New York City is famously expensive to visit. It's tough finding a hotel room under $150, so what would you think about staying in Manhattan for only $20 a night? I did it last night! I not only survived but was quite comfortable. No, I didn't sleep on a bench in Central Park. I stayed at a youth hostel in Harlem.

I had an evening social engagement in Midtown. I probably could have stayed with friends in the outer boroughs, but since I knew I would be coming in late, I didn't want to be an imposition. Instead, I went to HostelWorld.com about a week ago to see what they had available. After scrutinizing the listings and the reviews, I chose Hostel 99 in Harlem. The lowest priced bed was $18.95 in a dorm of 14 beds, but I chose to go First Class and reserved a room with only 6 beds for $21.95.

When I was growing up, Harlem was thought of as a slum. This may have been true in the 1960s but not today. It's now a dense and diverse residential neighborhood indistinguishable from any other in Manhattan. I felt no great risk in walking there, even late at night, but I did feel a little apprehensive about the accommodations. What could I really expect for $20?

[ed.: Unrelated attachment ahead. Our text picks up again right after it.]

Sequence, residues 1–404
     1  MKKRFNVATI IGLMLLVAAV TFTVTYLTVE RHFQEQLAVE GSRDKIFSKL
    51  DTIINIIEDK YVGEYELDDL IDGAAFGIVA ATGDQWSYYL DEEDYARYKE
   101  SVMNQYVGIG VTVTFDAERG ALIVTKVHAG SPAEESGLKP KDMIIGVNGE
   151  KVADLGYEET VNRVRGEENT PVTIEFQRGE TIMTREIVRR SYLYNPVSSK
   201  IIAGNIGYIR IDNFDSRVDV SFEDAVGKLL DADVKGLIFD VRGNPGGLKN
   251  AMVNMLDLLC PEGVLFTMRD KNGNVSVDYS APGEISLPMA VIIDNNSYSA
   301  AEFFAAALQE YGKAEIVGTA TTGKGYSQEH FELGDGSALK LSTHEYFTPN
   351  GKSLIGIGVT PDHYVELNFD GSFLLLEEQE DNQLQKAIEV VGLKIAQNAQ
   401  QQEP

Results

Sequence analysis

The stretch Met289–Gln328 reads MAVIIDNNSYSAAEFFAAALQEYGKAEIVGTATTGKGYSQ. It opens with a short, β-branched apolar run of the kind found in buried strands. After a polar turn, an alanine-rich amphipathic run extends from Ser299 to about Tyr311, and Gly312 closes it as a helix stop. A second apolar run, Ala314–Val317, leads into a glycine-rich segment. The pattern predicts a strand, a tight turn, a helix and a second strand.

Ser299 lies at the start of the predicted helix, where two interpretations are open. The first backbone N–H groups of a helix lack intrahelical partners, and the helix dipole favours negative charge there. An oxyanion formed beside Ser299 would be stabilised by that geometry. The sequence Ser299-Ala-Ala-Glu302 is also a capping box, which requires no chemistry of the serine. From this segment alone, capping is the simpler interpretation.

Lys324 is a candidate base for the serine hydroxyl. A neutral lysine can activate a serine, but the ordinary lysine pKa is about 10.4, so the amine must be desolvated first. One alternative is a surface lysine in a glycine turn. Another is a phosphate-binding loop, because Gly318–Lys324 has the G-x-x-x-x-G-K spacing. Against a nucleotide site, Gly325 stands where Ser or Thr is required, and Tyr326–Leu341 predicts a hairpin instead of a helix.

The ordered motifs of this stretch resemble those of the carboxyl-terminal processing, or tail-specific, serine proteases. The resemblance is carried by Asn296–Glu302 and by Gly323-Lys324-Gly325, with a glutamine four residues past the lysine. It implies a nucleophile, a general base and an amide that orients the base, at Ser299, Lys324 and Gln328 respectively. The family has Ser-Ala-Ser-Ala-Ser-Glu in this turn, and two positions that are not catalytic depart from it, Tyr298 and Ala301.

In fact, I expected very little. I only wanted a safe place to sleep. I needed a padded horizontal space to myself, hopefully larger than a coffin. If I could get some WiFi and an AC outlet for my computer, that would be icing on the cake. Being accustomed to hostels elsewhere, I was prepared to accept some quirks and the usual initial shock factor. ("I'm going to be staying HERE?!")

The location of the hostel on 129th Street in Upper Manhattan was beyond walking distance to any attractions in Lower Manhattan but an easy subway ride there. The hostel also turned out to be easy to reach by a city bus from Laguardia Airport (M60—always a sardine can), which stopped at 125th Street. (Warning: You need $2.25 to catch that bus at Laguardia, and it must be in quarters!) After a 5-minute walk from the bus stop, this is what I found at the given address....